Personally I apply this principle to all the theories that come out of psychology, whether I sympathise with the psychologist’s ideology or not. As a science it is still in its infancy, there is still much that is unknown, many competing theories and different models of the mind. In biology there are still some competing theories and ideas, still new discoveries to be made, but on the whole all biologists agree on the way things work through evolution. Similarly, you won’t find geologists fighting over plate tectonics. These are mature sciences, where the major theories are agreed on, by comparison cognitive psychologists are still arguing if the world is flat or round.
This is not to say we have nothing to learn from cognitive-psychology, not at all. As a teacher I have found many ideas from the field to be helpful and generative. Rather, we should be cautious and critical, judging each idea on its merits and remembering all the time that we are the experts in the classroom.
The following are three questions I find useful to ask when judging the merits of an idea that might have a practical application:
- Is it believable? This might sound like an odd question, but it can save a lot of time: I ask myself, based on my experience and thinking rationally does this idea sound genuinely believable? Brain Gym failed this test and burning joss sticks (although at least they smelt nice).
- Is it practical? This is extremely important. An idea might sound rational and useful in theory, but can I make it work in the classroom? When I first heard of multiple intelligences and learning styles they sounded reasonable, even democratic which was an important principle for me, but they both failed the test of practicality when trialled in the classroom.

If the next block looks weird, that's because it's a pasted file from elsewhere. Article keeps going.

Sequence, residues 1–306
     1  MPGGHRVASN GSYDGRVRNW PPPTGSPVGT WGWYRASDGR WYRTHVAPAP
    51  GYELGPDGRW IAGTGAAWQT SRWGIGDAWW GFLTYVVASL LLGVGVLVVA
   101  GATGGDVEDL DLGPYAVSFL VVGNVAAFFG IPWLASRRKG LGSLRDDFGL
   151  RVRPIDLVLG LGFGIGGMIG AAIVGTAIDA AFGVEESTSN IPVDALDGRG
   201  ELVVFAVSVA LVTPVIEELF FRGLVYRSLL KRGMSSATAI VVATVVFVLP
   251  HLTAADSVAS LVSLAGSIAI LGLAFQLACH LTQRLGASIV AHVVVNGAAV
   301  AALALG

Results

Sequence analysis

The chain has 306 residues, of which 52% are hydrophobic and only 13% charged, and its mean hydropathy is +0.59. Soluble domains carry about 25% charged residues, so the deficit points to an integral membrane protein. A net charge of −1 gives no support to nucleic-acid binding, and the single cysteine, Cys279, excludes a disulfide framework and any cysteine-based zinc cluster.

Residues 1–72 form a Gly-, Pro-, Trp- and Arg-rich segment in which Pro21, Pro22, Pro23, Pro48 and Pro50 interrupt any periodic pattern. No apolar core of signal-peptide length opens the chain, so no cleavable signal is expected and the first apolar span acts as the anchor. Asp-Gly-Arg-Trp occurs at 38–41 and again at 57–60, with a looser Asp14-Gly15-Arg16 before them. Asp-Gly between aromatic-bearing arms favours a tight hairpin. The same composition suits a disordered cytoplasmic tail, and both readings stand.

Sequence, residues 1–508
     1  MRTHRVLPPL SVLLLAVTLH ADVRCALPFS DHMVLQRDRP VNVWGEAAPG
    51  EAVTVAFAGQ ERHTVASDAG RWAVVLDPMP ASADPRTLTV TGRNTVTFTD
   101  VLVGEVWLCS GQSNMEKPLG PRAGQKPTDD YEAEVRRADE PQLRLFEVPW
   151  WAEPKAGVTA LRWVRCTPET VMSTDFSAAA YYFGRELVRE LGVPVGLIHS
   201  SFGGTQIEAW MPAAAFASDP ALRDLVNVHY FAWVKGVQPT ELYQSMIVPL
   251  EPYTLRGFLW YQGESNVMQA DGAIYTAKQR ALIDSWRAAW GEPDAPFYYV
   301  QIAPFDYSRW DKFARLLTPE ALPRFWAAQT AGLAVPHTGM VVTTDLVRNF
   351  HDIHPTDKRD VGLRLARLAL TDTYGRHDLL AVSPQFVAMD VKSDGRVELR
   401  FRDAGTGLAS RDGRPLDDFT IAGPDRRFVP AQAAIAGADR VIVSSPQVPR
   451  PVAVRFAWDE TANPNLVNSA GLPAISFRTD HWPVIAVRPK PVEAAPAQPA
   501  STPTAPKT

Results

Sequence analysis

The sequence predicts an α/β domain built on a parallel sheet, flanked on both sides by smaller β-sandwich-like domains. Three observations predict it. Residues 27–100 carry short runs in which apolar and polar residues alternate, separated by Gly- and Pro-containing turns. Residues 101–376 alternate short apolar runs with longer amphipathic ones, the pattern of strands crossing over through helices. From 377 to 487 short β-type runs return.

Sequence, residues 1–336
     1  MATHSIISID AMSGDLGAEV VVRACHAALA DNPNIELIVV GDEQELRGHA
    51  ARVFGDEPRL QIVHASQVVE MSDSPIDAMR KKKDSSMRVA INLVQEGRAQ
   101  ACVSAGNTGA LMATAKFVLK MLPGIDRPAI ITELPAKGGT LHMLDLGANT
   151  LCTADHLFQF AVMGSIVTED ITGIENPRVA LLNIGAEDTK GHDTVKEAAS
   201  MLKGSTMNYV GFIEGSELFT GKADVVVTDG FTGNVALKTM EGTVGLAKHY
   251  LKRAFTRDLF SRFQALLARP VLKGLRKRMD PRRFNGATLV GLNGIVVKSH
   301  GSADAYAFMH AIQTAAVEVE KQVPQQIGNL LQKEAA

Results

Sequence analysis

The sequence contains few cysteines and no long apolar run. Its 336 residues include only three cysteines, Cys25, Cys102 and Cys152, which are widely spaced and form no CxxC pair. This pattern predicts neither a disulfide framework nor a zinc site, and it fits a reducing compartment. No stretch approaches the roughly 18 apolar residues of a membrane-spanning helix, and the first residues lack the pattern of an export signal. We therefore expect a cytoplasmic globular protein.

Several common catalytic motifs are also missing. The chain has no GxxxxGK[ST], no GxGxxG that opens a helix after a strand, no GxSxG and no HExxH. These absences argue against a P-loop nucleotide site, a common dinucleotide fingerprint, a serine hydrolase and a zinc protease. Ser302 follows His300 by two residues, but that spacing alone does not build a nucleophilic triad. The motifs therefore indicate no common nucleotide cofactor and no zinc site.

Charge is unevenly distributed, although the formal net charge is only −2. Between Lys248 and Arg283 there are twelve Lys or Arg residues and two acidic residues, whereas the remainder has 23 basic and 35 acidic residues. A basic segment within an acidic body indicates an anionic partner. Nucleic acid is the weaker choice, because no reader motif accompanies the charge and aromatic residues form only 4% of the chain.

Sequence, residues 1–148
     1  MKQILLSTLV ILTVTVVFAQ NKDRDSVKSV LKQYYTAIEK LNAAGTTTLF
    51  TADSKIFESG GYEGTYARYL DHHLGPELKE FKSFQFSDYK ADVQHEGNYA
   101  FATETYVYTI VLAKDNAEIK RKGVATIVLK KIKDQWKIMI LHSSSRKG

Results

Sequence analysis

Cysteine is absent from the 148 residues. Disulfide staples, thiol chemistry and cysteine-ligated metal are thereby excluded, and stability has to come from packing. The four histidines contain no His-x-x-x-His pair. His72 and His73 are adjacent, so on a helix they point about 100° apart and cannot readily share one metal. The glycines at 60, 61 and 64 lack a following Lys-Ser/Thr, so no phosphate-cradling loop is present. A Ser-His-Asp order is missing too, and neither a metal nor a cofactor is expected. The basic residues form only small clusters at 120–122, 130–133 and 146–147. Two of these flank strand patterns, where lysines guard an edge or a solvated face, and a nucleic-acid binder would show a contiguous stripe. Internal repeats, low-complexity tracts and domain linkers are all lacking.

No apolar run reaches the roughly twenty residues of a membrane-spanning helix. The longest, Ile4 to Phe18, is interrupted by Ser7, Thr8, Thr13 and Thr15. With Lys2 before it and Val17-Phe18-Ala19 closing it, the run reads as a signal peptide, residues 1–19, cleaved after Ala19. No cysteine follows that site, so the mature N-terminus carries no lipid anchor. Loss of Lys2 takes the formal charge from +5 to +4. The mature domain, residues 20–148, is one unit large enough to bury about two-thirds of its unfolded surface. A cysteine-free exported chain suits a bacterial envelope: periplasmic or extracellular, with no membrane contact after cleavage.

- Does it improve what I’m doing already? All ideas need to be tested against the need to improve practice. It might sound like a very good idea to give every child in the class a written target for reading, writing and maths, but is the extra work and the time away from the children writing the targets really going to improve their learning that much or will it make things worse? This was the question we were asking ourselves in the late 90s after WALTS, WILFS and TIBS became the new orthodoxy in schools all over the country. They were almost obligatory, but did they really improve outcomes for children? We were unconvinced. Although AfL, especially oral feedback, became a major part of our practice, we resisted writing up learning objectives and constructing layered targets. For similar reasons we also rejected the Literacy Hour.
Over the years I’ve been to too many conferences where I’ve heard expressions like, “the latest research indicates… Cognitive science tells us… Scans of the brain show…blah, blah, blah” not to become a little cynical and wary of experts telling me this is the answer. I get particularly annoyed when I read fellow teachers using the same strategies in their blogs. It is the main reason I liked Daniel Willingham’s book, “Why Don’t Students Like School?” so much, because although it contained a lot of new thinking from the world of cognitive psychology, he never stepped over the line to tell me how to think or how to do my job as a teacher.
In my view, we should be very careful how we use research findings from cognitive psychology. Cognitive psychologists are a bit like those early explorers who set out to find a new route to India. Everything they discovered was new and exciting, but it didn’t mean they knew what was coming next over the horizon, let alone how the whole thing fitted together. As they sailed over the world’s oceans they had no idea how old it was or that the continents had been floating apart and crashing into each other for billions of years.
Compared to mapping the human mind, mapping the globe was a skip through the park. So let’s have a skeptical view of the work cognitive-scientists do, take what’s useful and practical, and call their ideas what they are – theories rather than evidence. They won’t mind.